To say you didn't see Rob Dibble coming is to say Danny Snyder has never ever interfered. Someone had dubious intentions of selling controversy when hiring Dibble as the "color voice" of the Washington Nationals for MASN. I can’t think of too many ways to describe the guy. He’s like an alternative Poochie from The Simpsons, and excuse me if that much too easy comparison has been made before.
When the former "Nasty Boy" was hired to replace Don Sutton in early 2009, the DC Sports Bog's Dan Steinberg wrote:
Rob Dibble might not have Don Sutton's hair, but he has like 15 billion tattoos and a history of being provocative, so I'm all for it.
And polarizing, provocative characters are what feed a blogger's delight. (I should know.) The Bog's fan approval poll on Dibble's hiring was pretty split: 39 percent approved, 40 percent disapproved and 20 percent had no idea.
It wasn't long before more bloggers feasted on the perceived inept tendencies of Dibble ... and he wasn't making friends either. By June 2009, Dibble was getting into Twitter fights with ESPN's Rob Neyer. In August, Dibble was blocking the famed Miss Chatter on Twitter. And in September, Kevin Reiss wrote on Past A Diving Vidro:
Dibble is a real-life Kenny Powers, viewing every baseball interaction through the tiny pinhole of his years as a late-innings reliever with a fastball in the high 90s and a penchant for throwing at people. What do the viewers get? Meaningless cliches like "Let them beat you with your best stuff," endless whining about hitters standing too close to the plate, and suggestions that the pitcher's best move might just be to throw at the batter.
Time passed, and Dibble was what Dibble does. Chris Needham (full disclosure: he contributes to SB Nation DC) put forth this FJM-worthy "Fire Rob Dibble" piece on Capitol Punishment in April 2010. In May, Dibble drew ire from Mr. Irrelevant for his "propensity for vehemently disagreeing with borderline calls only to be disproved by his own telecast’s Pitch Track strike zone thing-y." In late June, Dibble was in a classic, blog-worthy sparing session with MASN colleague Ray Knight. More recently, he was found to be mocking Twitter ... did I mention that Dibs is also on Twitter? (@rdibs49). Great.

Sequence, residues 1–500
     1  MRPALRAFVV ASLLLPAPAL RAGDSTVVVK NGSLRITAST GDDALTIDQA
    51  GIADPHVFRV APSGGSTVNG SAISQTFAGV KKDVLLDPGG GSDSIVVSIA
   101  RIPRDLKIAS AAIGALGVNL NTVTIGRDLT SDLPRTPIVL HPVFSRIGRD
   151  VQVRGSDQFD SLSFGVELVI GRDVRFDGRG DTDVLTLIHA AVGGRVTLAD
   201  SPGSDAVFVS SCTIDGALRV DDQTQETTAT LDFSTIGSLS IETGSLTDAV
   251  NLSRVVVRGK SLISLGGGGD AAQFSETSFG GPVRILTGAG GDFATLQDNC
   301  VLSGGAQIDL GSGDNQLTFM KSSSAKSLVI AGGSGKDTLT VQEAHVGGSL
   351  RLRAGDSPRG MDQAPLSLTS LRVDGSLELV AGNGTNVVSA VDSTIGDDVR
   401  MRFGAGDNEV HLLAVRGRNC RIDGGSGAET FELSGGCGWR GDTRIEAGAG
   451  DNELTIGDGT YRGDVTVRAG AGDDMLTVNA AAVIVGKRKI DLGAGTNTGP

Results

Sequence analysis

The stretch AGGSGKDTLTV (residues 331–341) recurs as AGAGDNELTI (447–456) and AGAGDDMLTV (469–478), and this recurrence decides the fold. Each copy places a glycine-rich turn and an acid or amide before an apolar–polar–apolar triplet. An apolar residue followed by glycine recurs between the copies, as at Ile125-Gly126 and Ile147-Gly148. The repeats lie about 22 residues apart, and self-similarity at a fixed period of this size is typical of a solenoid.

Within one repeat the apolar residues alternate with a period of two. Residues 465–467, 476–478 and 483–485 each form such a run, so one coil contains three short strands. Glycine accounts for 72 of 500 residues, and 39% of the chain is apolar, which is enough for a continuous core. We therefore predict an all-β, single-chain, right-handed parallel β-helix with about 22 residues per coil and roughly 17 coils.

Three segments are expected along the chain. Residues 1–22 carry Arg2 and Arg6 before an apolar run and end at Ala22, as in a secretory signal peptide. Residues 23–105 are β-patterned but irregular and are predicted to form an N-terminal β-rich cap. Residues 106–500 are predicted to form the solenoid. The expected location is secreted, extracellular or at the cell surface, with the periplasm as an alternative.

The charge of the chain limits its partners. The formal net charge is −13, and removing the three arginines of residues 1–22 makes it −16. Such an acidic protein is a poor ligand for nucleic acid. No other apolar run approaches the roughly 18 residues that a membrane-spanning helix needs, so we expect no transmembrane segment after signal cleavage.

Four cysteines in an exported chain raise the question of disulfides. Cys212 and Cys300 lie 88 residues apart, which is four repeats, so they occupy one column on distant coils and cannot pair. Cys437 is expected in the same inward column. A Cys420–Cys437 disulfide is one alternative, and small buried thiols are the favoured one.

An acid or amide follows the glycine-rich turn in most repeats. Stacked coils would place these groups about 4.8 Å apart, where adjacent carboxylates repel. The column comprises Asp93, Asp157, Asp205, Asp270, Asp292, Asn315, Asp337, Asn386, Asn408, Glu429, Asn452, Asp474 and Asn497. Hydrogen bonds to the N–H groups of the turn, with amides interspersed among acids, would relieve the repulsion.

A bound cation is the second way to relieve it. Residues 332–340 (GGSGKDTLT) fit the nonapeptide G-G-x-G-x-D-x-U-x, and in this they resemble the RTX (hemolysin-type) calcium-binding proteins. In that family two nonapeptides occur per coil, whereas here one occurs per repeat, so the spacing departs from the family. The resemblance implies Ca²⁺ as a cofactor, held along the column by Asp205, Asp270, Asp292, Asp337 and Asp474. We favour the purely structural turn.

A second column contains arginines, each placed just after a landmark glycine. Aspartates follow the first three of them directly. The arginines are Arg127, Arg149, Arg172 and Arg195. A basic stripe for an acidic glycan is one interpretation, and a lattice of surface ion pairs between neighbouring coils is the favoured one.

Steven of Fire Jim Bowden e-mails:
It's no secret that I'm not a fan of Rob Dibble as the Nationals' color commentator. I watch a lot of out of town games on MLB.tv, and personally I would rate Dibble in the bottom tier of commentators across baseball. I don't actually mind that he's such a homer, which is the most common critique I hear. But I find him arrogant and dismissive of people he disagrees with. And I find his "old school" schtick predictable and boring. (For the record, Rex Hudler and Mark Grace are two of my other least-favorites, and Mike Krukow and Steve Stone are probably the two I like best, off the top of my head.)
Even Dibble's tattoos get attention. There is, of course, the name and number of Ichiro Suzuki in Japanese tattooed on his rear. Classy. And not long after the Washington City Paper's Dave McKenna took Dibble to task for covering up his forearm tattoos, Dibs unsheathed his ink for all to see, which is the picture you see above.
There is a certain charm about Rob Dibble, but his stand-off-ish nature overshadows the good qualities of his style. Sure, he may spout out the same passion as a fan, ironically keeping Dibble more in touch ... sort of like a blogger. But there should be a balance of genuine likability, where Dibble seems to fall short.
Admittedly I don't pay much attention to him. The times I do, all I can think of is a tired, slow bull filled with swords and just waiting to die at the hands of the matador. The bull, if it could talk while dying, wouldn't always sound like it knows what its talking about, delirious with the blood loss, and would likely be oozing fecal matter from both ends. Either that, or the scene in Old School when Frank Ricard took cat tranquilizer to the jugular. Hence, Nats games usually ride on mute in my household.
These are my brief impressions of Dribble, fair or not. He certainly seems insightful when it comes to the pitching genre. He's been there, done that ... seems like it'd be easy. But the rest leaves a lot to be desired. And it makes some flat-out angry ... or at least cringe at a quote of Dibble when he was hired:
"I'd like to be here for 10 to 15 years and ride off into the sunset. I don't plan on having another job after this."
So how do you feel? When he was hired, two-fifths disapproved. And don't let my comparing of Dibble to Poochie, Frank the Tank and a dying bull sway your opinion or anything.